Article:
Embodying Chaos: Why the Joker and the Goose are the Same Character
Alex Whiteman takes a closer look at two of 2019's most popular releases, and explores the similarities between the most famous killer clown in fiction, and a goose.
Warning; Spoilers for ‘Joker’ and ‘Untitled Goose Game’
There were two significant releases in entertainment recently. The first was the movie ‘Joker’, a bleak take on DC Comics’ darkest villain, re-imagined as a downtrodden, mentally-ill byproduct of a decaying city and a disinterested upper class. The second was ‘Untitled Goose Game’, a video game in which you pester the residents of a quaint English village as an annoying goose. Believe it or not, ‘Joker’ and ‘Untitled Goose Game’ share a lot of similarities. First, they’re both about two hours long. Secondly, they both received mixed to positive reviews. And lastly, they both feature the exact same main character, and are in fact two interpretations of the same story.
I’m not kidding.
Let’s start with the locations each story takes place in. ‘Joker’s Gotham is a city seemingly on the verge of destruction, where the people with the power to help, ignore its extensive problems. Crime is on the rise and vital services have their funding cut. Talk-shows make fun of struggling workers. And the powerful ignore the damage done to their home until some of their wealthy brethren get caught in the crossfire. It’s a city that embodies the movies tagline “smile and put on a happy face”. While the city burns, the rich just smile and pretend everything is fine.
On the surface, it doesn’t look like ‘Untitled Goose Game’s’ adorable English village shares any similarities to the streets of Gotham. The village is bright and colourful. Residents contently go about their Sunday routines of gardening, reading and visiting the pub, and there’s barely any sound or music to interrupt the calm. But in fact, the village is also putting on a “happy face”. The villagers will try to ignore any hiccup in their routines, only going so far as to retrieve any items you steal from them. There’s an undercurrent of stress and rage, and all that’s needed to reveal it, is a little bit of chaos.
That’s where our main characters come in. While the movie spends most of its time developing Joker as a character, it concludes with him coming out of his clownly closet, becoming the chaotic symbol that Gotham’s working class need. He fans the flames by killing three Wayne Enterprises employees, which leads to the poor donning clown masks and rioting. Joker kills the saccharine talk show host he used to idolise live on air, destroying the image of Gotham’s false prosperity and allowing the downtrodden to take centre stage. The so-called order that Gotham had maintained crumbles, and allows chaos to take over.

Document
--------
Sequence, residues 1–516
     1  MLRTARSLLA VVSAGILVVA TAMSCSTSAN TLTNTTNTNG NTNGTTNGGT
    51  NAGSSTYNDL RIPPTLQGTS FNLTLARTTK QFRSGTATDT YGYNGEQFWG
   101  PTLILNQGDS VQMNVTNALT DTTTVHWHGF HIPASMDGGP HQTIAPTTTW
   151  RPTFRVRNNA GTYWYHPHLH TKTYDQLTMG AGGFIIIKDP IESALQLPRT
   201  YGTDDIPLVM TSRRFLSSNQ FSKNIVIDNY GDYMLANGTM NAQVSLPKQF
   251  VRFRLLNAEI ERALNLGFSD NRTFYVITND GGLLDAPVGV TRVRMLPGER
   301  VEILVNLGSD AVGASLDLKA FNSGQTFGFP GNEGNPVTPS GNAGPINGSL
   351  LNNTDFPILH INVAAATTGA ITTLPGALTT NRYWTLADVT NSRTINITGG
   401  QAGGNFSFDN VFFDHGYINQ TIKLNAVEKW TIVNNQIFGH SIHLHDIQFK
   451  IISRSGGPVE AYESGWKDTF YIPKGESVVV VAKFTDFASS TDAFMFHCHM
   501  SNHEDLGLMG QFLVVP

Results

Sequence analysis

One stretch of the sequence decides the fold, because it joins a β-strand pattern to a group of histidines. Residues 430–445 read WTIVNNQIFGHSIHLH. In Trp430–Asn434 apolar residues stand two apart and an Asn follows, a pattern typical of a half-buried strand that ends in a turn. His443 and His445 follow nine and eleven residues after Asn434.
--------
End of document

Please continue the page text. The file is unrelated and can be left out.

It seems silly to compare such a serious situation to a quiet village with a bird problem, but the goose does have a similar effect. The entire premise of the game is to annoy the villagers in as many fun and sadistically charming ways as possible, and the joy comes from seeing their days ruined. These people that tower over you, run faster than you, and are stronger than you, can be made miserable simply by causing a little chaos. A highlight is when you take a lady’s priceless vase into her neighbour’s garden who then throws it over the fence and smashes it. In return you vandalise the lady’s hedge, so she trims it and accidentally cuts the head off his prize rose. What started as a peaceful day of reading and painting turned into a full-blown feud, all because a goose moved a vase and disrupted a hedge. But the goose wasn’t the cause, just the catalyst. That tension was always there, it just needed to be released.
But you might be thinking, the Joker was oppressed and beaten down by the wealthy; how does that compare to a mischievous goose? Well, the goose isn’t as one-note as you might think. It has desires outside of the player’s innate need to cause trouble. The last task on your to-do list is to bring a golden bell from the model village all the way back to the goose’s nest you started in. You arrive to find a pile of golden bells that the goose had collected previously. That’s all the goose wanted; a new entry to its humble collection. This whole time, it had one sole desire, and had to fight through a battalion of powerful, entitled villagers to get it, simply because they didn’t want their precious peace disturbed. The village is the crumbling city. The villagers are the wealthy elite. The goose is the Joker.
If you’re still not convinced, I have one final, damning piece of evidence for you. When you think of the Joker, what’s one of the first things you think of? It’s the laugh. One of the reasons the character has lasted in fiction for eighty years is the fact that in the face of extreme malice and sadism, the Joker laughs. To him, everything is a joke and everything is funny. When someone new plays the Joker, one of the first questions we have is always “what does the laugh sound like?” Within the context of the new film, it’s not something the Joker can help. He has a condition that makes him laugh uncontrollably, even in incredibly stressful situations, and by the end of the film, he’s learned to fully embrace that laughter. And while the goose can’t laugh, Untitled Goose Game gives the player another, equally satisfying option.
Some of the greatest laughs to be had in the game come from honking at the villagers, from watching them jump and flounder around as you spam the Y button. When you successfully cause the gardener to hit his thumb with a hammer, or drop a bucket on the pub landlords head, you’re compelled to honk with joy at the result of your mischief, and the misfortune of your target. Like the Joker, you can’t help but laugh. You can’t help but honk.
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